members of the PGA. Ed Clarey was reelected
first vice president and The DuPont Country Club professional
Percy Vickers was elected second vice
president. Secretary-Treasurer Herb Jewson,
who was reelected, reported in his year-end financial statement that $1,912.50
had been paid out in prize money at the Section tournaments. This left a balance
in the treasury of $342.14. This was very good since they had had no money at
the same time the year before. Only $206 of this was immediately available
because $142.14 was in the Manayunk Trust Company that had been closed due to
the Great Depression. Len Sheppard and the
St. Mungo Golf Company who he represented hosted the meeting.
In mid November twenty-three of the Sections were represented by 46 delegates
at the PGA’s national meeting in Boston. The meeting was held at the Statler
Hotel. One Section did not attend the meeting. Herb
Jewson and George Sayers
represented the Philadelphia Section. The delegates agreed to create a uniform
code for the instruction of golf. Every PGA member would be asked to submit his
plan for teaching golf. Sectional boards would study the various plans with the
aid of a physician. The Sectional boards would send their plans to a national
board. The national board would be composed of America’s outstanding golf
teachers, leading amateur golfers, physicians, physical culturists, and the
president of the USGA. The board would agree on one uniform and officially
adopted set of rules for instruction. All members of the PGA would be expected
to adhere to the adopted set of teaching rules or risk losing their PGA
membership if they refused. An examining board would be organized to test every
member’s knowledge of the plan and the future applicants for membership also. No
one would be admitted to the PGA unless he knew the teaching rules and taught
them to his pupils. On the tournament front Gene Sarazen and some of the money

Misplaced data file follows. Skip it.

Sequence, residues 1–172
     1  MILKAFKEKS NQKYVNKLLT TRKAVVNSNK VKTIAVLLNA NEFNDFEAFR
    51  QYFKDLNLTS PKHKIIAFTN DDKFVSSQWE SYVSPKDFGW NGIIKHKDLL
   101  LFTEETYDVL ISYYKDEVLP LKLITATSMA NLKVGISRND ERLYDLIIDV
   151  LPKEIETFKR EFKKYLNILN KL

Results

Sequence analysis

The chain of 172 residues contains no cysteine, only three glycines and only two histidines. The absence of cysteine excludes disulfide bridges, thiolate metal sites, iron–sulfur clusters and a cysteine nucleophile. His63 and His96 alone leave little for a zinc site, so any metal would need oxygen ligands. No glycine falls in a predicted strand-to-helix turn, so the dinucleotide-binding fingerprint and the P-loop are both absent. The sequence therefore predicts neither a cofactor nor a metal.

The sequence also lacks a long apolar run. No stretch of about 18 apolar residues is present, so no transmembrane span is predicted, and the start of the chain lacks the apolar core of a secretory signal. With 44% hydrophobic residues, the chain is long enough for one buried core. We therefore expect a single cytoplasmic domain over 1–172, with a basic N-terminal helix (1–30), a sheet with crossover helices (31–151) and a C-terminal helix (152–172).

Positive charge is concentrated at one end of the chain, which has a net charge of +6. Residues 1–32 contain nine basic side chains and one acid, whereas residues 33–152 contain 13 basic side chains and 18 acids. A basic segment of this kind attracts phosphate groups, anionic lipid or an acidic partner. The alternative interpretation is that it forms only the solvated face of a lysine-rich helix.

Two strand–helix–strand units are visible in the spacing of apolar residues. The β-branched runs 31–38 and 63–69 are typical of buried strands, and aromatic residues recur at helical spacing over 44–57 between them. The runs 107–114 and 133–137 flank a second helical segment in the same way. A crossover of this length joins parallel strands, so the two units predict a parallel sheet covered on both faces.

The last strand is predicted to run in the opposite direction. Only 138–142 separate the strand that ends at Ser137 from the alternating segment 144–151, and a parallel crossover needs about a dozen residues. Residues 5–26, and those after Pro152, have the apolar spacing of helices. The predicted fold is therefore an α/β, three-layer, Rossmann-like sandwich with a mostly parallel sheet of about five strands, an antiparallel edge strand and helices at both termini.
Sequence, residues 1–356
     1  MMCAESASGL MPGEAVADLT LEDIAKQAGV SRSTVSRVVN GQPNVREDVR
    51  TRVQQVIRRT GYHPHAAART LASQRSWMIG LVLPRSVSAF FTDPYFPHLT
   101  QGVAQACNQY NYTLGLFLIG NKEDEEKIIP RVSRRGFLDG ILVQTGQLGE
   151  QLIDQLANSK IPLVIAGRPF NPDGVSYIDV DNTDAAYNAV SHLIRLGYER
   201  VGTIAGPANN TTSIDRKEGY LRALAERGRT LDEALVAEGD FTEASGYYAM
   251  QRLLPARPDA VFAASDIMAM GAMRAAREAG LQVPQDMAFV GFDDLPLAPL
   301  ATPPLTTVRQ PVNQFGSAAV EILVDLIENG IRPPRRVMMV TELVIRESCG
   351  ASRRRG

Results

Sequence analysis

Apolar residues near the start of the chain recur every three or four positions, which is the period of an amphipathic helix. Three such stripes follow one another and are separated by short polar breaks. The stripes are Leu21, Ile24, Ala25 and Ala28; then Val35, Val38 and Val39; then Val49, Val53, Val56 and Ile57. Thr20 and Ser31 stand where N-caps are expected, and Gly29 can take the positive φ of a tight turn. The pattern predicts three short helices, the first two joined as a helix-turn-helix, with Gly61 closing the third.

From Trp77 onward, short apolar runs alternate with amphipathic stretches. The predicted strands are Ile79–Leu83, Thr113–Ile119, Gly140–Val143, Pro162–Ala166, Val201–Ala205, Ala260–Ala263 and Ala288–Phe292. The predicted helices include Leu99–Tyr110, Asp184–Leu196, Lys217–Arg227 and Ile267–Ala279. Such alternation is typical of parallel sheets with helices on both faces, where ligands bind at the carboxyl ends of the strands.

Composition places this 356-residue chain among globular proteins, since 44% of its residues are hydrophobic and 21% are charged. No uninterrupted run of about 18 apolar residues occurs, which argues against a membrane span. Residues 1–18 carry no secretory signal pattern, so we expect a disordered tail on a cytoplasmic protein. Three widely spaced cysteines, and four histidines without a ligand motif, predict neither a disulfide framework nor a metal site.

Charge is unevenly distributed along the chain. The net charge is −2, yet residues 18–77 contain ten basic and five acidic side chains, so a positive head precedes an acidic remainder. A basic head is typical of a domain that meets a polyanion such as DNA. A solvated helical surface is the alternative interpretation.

players agreed to play exhibitions to raise funds to support the association’s
tournament bureau. Also at the meeting the dues were reduced from $50 to $40.
President Charles W. Hall, Secretary Jack Pirie and Treasurer Jack B. Mackie
were reelected. The vice presidents were Jack Shea, W.H. Way, Dan J. Goss,
Harold Sampson, John J. Martin and Thomas Boyd. There were now 1,380 PGA
members, an increase of 280 over the previous year.
Ed Dudley had had a very successful year, playing the light ball,
winning the Los Angeles and Western Opens. In winning the Western Open he shot
one of the lower 72-hole scores on record at that time, a 280. In late December
the PGA announced that Ed Dudley had won the
scoring title for the year. He averaged 71.39 strokes for the thirty tournaments
that he entered. Johnny Farrell played in more events than any other pro, 36,
finishing second in scoring with 71.80 strokes per round. Walter Hagen ended up
in third place with an average of 72.0 strokes per round. Gene Sarazen and
George Von Elm, the leading money winners for the year, were in fifth and sixth
place in the final averages with more than 73 strokes per round.
1932 - By late January it was apparent that the new heavier ball was easier to play.
The winning scores on the PGA’s winter tour were lower, from three to nine
strokes, in every event. The pros stated that the ball putted better and cut
through the wind better than any ball they had played before. The PGA went on
record that they hoped the R&A and the other powers of the world of golf would
recognize it as the international ball.
Ed Dudley and Tommy Armour won the International Four-Ball in the
second week of March at the Miami Country Club. They defeated the U.S. Open
champion, Billy Burke, and his partner Johnny Golden in the 36-hole finals by a
margin of 3&2. Dudley and Armour reached the
finals by putting out Gene Sarazen and Johnny Farrell in the semifinals 3&2.
Burke and Golden eliminated Harry Hampton and Neil McIntyre 2&1.